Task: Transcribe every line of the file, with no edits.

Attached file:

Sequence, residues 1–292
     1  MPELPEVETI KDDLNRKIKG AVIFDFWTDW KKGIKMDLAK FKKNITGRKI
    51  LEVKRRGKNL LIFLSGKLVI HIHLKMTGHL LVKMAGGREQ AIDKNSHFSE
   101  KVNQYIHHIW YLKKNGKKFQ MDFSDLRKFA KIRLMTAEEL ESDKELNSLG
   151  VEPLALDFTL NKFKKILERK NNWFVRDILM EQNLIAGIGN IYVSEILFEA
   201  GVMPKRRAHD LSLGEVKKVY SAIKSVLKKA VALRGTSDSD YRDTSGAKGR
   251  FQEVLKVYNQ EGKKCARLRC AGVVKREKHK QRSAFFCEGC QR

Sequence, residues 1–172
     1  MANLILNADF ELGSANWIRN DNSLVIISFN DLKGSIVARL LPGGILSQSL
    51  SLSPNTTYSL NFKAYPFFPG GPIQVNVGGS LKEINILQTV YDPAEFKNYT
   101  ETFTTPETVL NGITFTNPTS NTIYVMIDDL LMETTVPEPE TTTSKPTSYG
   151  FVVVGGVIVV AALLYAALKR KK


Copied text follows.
Sequence, residues 1–292
     1  MPELPEVETI KDDLNRKIKG AVIFDFWTDW KKGIKMDLAK FKKNITGRKI
    51  LEVKRRGKNL LIFLSGKLVI HIHLKMTGHL LVKMAGGREQ AIDKNSHFSE
   101  KVNQYIHHIW YLKKNGKKFQ MDFSDLRKFA KIRLMTAEEL ESDKELNSLG
   151  VEPLALDFTL NKFKKILERK NNWFVRDILM EQNLIAGIGN IYVSEILFEA
   201  GVMPKRRAHD LSLGEVKKVY SAIKSVLKKA VALRGTSDSD YRDTSGAKGR
   251  FQEVLKVYNQ EGKKCARLRC AGVVKREKHK QRSAFFCEGC QR

Sequence, residues 1–172
     1  MANLILNADF ELGSANWIRN DNSLVIISFN DLKGSIVARL LPGGILSQSL
    51  SLSPNTTYSL NFKAYPFFPG GPIQVNVGGS LKEINILQTV YDPAEFKNYT
   101  ETFTTPETVL NGITFTNPTS NTIYVMIDDL LMETTVPEPE TTTSKPTSYG
   151  FVVVGGVIVV AALLYAALKR KK